Rocketship Schools Take Off

If you were a 5-10 year old student, going to a “Rocketship” school would seem pretty cool. Perhaps it would conjure images of going to school inside a rocketship, or studying in space. While the reality might not be quite that awesome, there is still much to be said for the small chain of  schools focused on bringing quality education to low income students.

Though they may only have seven schools now, they hope to have around 2,000 schools in 50 cities by the end of the decade, and aim to close the achievement gap for low-income students.

These schools do share common ground with other privately run, publicly funded charter schools. But just because they’re privately run and publicly funded doesn’t make their teachers, students, or teaching methods the same.

So what’s so special about a Rocketship school?

The Teachers

Most of the teachers in Rocketship schools are new teachers, and many hail from the Ivy League or other top colleges. Many of the teachers come through the Teach For America program, which matches recent college grads with ‘high-need’ schools. The teachers in Rocketship schools are offered a lot of support – in the form of a coach to help them develop their strengths –  and are encouraged to move into school leadership roles as soon as they’re ready. To boot, they claim to pay their teachers above market value to keep them motivated and understanding how important they are.

The Curriculum

A day at a Rocketship school probably doesn’t look a whole lot like a day in a typical school. Students may spend around two hours per day one-on-one with a computer to help them learn their basic skills. Most of this skill building time is spent with games that teach, and each student can work at their own pace.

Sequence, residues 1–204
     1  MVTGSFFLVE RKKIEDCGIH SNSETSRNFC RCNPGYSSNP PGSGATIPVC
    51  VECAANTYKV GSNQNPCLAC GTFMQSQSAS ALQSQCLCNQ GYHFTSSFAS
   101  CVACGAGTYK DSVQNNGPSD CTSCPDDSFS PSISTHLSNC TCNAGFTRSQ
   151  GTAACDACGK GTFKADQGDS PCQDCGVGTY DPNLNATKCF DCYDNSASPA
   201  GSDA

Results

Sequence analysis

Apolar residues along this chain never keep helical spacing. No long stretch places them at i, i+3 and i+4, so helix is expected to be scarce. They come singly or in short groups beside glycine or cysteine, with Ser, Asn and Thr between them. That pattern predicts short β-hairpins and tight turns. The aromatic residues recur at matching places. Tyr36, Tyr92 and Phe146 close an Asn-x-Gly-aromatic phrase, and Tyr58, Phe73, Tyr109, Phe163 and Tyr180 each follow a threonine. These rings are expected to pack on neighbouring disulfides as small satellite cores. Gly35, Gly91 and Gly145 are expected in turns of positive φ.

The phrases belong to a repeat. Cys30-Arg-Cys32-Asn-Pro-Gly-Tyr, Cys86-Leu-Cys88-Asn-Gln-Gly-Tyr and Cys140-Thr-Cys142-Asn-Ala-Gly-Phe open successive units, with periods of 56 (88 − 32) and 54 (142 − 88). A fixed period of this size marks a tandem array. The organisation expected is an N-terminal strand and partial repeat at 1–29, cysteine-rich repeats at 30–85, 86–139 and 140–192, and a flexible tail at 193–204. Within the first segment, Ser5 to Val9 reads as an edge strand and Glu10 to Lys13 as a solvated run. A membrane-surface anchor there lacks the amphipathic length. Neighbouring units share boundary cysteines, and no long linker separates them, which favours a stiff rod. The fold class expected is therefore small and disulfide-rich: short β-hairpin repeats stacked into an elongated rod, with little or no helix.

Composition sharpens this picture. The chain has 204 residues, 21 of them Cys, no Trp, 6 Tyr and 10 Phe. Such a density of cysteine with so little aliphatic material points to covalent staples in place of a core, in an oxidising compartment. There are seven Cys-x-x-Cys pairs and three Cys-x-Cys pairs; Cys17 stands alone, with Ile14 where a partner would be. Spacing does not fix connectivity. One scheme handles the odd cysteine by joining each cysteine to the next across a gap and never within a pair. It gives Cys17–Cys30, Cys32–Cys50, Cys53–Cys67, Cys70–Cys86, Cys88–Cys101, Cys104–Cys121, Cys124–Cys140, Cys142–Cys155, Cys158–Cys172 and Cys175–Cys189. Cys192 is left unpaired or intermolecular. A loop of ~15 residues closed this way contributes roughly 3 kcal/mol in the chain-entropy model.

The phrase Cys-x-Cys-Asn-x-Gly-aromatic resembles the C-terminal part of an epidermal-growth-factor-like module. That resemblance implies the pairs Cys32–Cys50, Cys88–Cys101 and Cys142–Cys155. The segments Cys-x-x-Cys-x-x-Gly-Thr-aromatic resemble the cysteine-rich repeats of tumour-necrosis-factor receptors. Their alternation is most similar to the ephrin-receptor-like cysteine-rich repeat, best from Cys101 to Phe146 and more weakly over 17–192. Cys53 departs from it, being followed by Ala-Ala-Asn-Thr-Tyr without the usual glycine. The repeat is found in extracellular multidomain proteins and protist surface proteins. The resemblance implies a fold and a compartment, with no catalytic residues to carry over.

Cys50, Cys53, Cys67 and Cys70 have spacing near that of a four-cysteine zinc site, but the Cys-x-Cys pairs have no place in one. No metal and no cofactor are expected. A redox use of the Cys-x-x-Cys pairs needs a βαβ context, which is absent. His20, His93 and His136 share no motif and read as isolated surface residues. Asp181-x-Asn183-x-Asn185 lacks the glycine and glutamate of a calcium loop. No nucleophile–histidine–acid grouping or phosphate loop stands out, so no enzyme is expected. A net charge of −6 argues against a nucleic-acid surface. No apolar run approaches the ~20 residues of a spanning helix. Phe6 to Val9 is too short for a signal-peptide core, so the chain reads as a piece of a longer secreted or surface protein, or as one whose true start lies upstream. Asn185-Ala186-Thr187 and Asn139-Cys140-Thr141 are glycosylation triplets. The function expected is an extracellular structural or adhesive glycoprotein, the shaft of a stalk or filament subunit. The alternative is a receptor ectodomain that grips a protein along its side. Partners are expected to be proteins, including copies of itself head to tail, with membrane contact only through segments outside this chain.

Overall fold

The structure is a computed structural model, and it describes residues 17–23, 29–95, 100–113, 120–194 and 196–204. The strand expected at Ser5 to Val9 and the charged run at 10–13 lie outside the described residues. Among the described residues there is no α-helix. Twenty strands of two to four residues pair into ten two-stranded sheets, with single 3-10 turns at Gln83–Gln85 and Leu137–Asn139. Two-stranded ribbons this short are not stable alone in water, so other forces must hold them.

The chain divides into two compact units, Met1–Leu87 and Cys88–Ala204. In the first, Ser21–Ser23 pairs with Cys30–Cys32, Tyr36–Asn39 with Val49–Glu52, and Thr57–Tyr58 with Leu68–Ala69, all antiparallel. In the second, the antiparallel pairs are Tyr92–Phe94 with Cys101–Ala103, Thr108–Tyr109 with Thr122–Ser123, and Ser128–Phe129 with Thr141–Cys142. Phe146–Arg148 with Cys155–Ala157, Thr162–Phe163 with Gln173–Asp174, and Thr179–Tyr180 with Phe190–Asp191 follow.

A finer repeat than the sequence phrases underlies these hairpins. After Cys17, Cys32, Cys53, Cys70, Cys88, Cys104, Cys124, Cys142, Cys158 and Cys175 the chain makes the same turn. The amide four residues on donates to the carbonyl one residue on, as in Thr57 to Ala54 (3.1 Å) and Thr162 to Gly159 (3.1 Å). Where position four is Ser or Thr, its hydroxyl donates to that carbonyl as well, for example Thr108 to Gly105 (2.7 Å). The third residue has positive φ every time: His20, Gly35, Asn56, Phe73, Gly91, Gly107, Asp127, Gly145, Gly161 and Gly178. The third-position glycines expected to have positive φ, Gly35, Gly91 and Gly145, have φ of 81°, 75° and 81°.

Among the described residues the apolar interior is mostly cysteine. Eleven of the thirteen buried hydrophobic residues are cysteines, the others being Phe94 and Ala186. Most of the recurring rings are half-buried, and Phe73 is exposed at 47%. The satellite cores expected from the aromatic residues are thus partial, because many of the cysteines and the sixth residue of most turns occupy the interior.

Each school has a team of five Individualized Learning Specialists who work in the Learning Lab of each school. The specialists oversee the Learning Lab, but also works directly with students in whole class, small group, and individual settings to provide academic interventions in literacy and/or math.

The Numbers

Rocketship schools aim to use standardized testing as a “signpost, rather than a scarlet letter“, and the method seems to be working. So far, the numbers are promising. According to the Rocketship Education website, they are the leading public school system for low-income elementary students with an overall score of 868 on the 2011 California Academic Performance Index.

Three of their schools are in the top 10 schools serving low-income students in Santa Clara County. Not bad for a small chain started less than ten years ago – it will be so interesting to see where they will be in ten years.